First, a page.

Bathroom Status Reporting Hack Eliminates Lines, Frustration

In a lot of ways, portable toilets are superior to standard indoor-plumbing-style toilets. This is mostly due to the fact that they have a status indicator on the door. It’s a shame that no indoor bathrooms have figured this out yet, especially in office buildings where your awkward coworkers bang on every door rather than just check for feet in the huge gap that for some reason exists between the floor and the stall door. Anyway, [Chris] and [Daniel] came up with a solution for this issue, which also eliminates wait time for bathrooms in their office.

Their system is an automated bathroom status indicator that reports information about the bathroom’s use over WiFi. Since the bathrooms at their facility are spread out, it was helpful to be able to look up which bathroom would be free at any given moment. Several Raspberry Pis form┬áthe nerves of the project. Custom sensors were attached to a variety of different door locks to detect┬ástatus. Each Pi reports back over WiFi. This accomplishes their goal of being subtle and simple. They also point out that they had to write very little code for this project since there are so many Unix and embedded hardware tools available to them. Checking the status of the bathroom can be as simple as running netcat.

If you’re looking to roll out your own bathroom status monitor solution, [Chris] and [Daniel] have made their code available on GitHub. There are a number of other ways to automate your bathroom, too, like switching the exhaust fan on when it gets too smelly or humid, or even creating a device that dispenses your toilet paper for you.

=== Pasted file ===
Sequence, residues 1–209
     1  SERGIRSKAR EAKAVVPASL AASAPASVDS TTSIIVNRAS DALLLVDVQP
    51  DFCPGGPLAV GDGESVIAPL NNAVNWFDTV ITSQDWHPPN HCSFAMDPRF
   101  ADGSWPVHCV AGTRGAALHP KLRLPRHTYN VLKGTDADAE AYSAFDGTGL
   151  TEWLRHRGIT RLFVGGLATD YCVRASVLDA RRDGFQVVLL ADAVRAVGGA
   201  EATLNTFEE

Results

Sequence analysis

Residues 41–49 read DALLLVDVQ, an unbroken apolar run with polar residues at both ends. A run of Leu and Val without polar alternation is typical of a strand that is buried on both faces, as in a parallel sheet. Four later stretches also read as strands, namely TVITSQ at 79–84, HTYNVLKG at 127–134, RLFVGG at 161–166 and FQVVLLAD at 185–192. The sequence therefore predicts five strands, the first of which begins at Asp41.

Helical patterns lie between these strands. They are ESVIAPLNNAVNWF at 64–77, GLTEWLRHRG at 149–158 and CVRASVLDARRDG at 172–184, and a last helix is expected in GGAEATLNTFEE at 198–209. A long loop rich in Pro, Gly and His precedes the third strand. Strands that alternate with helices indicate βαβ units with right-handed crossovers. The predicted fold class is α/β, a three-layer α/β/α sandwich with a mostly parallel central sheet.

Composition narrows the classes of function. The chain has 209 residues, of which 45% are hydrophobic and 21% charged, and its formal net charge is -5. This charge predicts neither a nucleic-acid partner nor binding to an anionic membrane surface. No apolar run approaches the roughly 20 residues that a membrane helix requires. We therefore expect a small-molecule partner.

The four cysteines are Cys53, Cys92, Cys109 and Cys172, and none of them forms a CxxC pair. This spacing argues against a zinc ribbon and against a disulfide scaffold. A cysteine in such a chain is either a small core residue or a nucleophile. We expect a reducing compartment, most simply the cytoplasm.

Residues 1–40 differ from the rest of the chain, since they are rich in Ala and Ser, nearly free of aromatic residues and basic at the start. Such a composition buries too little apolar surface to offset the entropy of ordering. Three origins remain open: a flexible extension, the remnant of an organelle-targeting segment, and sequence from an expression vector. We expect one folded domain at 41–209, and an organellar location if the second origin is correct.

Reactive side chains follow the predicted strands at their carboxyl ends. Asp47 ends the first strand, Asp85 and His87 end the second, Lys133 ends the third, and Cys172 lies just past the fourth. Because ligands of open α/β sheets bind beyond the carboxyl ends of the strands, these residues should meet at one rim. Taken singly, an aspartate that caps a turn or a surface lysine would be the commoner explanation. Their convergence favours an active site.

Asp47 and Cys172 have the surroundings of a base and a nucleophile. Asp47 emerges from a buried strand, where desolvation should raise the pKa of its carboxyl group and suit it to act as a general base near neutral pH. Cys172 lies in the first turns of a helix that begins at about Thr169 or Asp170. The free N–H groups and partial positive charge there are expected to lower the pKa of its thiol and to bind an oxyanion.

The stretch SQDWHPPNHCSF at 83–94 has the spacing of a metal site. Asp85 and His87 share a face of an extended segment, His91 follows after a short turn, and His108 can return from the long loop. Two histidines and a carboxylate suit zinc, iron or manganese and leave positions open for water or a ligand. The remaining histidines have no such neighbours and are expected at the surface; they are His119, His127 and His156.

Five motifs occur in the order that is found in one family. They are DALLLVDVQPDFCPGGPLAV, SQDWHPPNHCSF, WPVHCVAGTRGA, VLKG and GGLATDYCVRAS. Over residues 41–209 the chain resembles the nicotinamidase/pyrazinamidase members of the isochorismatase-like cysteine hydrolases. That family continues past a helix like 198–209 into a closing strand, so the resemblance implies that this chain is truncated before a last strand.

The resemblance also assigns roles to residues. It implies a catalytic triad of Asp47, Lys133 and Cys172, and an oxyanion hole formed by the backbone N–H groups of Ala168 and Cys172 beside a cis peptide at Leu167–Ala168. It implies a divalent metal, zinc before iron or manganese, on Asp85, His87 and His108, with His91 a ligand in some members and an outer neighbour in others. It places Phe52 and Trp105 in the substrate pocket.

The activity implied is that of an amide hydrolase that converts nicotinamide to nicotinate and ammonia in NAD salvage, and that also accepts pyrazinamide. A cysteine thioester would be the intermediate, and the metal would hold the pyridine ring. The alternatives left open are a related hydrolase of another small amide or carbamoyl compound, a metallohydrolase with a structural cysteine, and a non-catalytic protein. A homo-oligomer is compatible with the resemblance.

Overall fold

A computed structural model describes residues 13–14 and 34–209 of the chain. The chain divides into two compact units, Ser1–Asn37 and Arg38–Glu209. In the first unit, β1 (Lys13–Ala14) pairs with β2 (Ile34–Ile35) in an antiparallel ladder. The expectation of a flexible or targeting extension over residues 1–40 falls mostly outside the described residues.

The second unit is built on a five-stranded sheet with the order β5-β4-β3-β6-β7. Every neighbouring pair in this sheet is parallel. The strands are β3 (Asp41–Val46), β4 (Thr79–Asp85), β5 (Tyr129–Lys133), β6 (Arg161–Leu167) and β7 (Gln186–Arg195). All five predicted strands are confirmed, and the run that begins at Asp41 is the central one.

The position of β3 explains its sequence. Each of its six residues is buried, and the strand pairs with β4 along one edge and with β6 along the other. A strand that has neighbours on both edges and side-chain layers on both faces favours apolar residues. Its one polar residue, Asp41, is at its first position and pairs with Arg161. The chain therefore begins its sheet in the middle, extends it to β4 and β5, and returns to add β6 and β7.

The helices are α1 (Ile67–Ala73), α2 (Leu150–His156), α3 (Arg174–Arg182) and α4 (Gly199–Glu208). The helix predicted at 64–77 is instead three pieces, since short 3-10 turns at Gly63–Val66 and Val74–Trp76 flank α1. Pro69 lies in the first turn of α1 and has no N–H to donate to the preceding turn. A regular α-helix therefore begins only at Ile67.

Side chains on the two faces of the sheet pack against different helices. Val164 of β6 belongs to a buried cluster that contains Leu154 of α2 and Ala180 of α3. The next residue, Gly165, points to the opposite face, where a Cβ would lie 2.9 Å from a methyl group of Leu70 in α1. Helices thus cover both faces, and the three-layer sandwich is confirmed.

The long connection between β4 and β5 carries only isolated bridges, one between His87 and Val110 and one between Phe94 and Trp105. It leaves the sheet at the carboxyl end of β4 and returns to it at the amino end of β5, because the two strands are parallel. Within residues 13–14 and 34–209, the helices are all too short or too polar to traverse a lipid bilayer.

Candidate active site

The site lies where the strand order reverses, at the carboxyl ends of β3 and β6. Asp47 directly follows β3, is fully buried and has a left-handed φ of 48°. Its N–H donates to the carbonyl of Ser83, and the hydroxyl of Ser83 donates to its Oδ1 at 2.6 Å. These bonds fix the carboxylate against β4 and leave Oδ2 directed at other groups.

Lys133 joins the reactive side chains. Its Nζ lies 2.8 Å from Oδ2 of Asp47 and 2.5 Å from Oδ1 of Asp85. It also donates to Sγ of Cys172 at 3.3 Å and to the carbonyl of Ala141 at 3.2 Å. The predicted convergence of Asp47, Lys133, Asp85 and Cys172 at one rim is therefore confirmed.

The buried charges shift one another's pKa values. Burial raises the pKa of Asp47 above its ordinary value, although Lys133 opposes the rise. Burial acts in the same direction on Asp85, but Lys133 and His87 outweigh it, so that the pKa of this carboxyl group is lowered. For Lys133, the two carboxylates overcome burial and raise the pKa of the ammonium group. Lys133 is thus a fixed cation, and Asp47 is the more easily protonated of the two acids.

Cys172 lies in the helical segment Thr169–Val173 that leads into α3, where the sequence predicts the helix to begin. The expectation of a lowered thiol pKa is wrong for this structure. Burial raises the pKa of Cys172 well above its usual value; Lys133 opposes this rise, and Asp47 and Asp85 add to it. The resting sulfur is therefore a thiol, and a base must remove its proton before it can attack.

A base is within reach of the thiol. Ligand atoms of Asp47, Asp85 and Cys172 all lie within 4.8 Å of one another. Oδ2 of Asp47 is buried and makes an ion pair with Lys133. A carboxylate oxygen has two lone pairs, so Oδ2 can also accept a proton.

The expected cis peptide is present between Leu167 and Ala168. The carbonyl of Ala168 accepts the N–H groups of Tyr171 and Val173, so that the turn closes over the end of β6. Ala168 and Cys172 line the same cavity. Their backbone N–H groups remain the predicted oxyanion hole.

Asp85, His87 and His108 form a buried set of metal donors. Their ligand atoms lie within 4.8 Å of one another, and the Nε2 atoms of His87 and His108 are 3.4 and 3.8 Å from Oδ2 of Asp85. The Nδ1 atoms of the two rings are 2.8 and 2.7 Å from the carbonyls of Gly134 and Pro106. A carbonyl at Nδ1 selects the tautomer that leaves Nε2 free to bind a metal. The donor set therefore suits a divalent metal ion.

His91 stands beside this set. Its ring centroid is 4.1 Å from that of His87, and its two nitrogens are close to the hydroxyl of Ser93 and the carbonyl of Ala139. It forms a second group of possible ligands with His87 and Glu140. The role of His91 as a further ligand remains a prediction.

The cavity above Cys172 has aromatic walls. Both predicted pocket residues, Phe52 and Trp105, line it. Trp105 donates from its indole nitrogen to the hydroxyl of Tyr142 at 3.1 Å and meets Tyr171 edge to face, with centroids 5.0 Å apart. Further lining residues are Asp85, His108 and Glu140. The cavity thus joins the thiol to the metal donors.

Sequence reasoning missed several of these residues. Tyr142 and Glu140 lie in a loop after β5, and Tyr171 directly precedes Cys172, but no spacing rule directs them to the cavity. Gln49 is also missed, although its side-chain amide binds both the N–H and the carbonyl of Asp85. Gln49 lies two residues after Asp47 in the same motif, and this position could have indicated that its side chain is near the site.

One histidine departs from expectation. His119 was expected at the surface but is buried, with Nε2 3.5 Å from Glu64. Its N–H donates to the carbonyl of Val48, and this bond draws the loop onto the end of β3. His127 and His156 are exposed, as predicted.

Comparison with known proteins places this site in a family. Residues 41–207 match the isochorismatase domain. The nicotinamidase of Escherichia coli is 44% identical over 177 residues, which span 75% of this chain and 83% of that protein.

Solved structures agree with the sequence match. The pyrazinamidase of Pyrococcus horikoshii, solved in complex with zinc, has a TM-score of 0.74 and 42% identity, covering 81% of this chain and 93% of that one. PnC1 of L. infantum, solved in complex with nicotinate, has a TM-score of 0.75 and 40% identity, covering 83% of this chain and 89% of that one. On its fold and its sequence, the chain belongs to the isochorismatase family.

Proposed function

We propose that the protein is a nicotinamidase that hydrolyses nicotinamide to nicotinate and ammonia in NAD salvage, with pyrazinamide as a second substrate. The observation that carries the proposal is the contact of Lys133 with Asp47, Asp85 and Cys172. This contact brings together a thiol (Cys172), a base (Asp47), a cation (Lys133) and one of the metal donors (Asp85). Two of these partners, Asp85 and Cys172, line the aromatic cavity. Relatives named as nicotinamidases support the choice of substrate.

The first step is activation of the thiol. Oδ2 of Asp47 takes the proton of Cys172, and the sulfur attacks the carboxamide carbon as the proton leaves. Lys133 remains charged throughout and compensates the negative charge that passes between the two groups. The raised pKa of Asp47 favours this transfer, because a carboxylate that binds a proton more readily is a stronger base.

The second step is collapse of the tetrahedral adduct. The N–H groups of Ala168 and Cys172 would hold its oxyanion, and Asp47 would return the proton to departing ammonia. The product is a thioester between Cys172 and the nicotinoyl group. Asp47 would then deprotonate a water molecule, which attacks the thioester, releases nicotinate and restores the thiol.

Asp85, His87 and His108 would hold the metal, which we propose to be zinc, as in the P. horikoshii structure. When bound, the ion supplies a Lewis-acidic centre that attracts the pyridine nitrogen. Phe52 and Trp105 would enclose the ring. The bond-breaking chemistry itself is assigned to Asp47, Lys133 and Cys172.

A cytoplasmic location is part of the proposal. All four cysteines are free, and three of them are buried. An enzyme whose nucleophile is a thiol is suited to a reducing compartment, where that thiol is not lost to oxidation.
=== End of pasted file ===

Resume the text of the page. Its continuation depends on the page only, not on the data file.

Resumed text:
20 thoughts on “Bathroom Status Reporting Hack Eliminates Lines, Frustration

    1. You really that thick? The whole point of this is to know when a bathroom is free before you actually walk up to it. Someone might need to be in there for a minute and this makes it so it’s not a repeated unknown every time you leave your desk/cubicle/work area/whatever to see if your coworker has vacated… … …the restroom.

      …people are so fucking negative. Even when there’s no call for it ‘ooh… an opportunity to chop down a project AND an entire nationality!’

      1. The article begins with this:
        -> In a lot of ways, portable toilets are superior to standard indoor-plumbing-style toilets. This is mostly due to the fact that they have a status indicator on the door <-
        And keeps bemoaning how inconvenient these bathrooms are the entire first paragraph… Over something the civilized world has probably figured out decades or possibly centuries ago… (yes, that riling is done on purpose)

        As for not knowing if the restroom has been vacated, there is the possibility that someone gets there between you looking it up and arriving at the toilet so that argument is just about moot.

        The project itself is nicely done, I have no problem with that.

        1. I stand by my indignation.

          From what I can tell then your issues isn’t with the hack it’s with Bryans attempt at injecting a little sarcastic humor then. …his use of artistic liberty, I suppose… ‘huge gap between the floor and stall door’ …I interpreted the hack as being intended for bathROOMS, not stalls. ie: single occupant, full size doors.

          As for you- ‘knowing its been vacated, but another coworker gets there first.’ …that’s a possibility, most likely a rare occurance, but possible. The system still saved you how ever many trips you *would* have taken while it was occupied by the first. The hack still presents the user with information they didn’t have previously… hell- if it was me? I could see using that information to make decisions like ‘both bathrooms on 12 are free, but might not be when I get there… 11 is occupied, but I bet it won’t be by the time I get down to it… … …I’ll head there.’.

          Instead you go the ‘Americans are so stupid’ route… like any of the European countries have their shit figured out? Like, perfection down to a science figured out? We’re fucked as a species, man. Generalizations such as yours are how we end up with bullshit like racism, sexism and… … …fuck it. I’m done.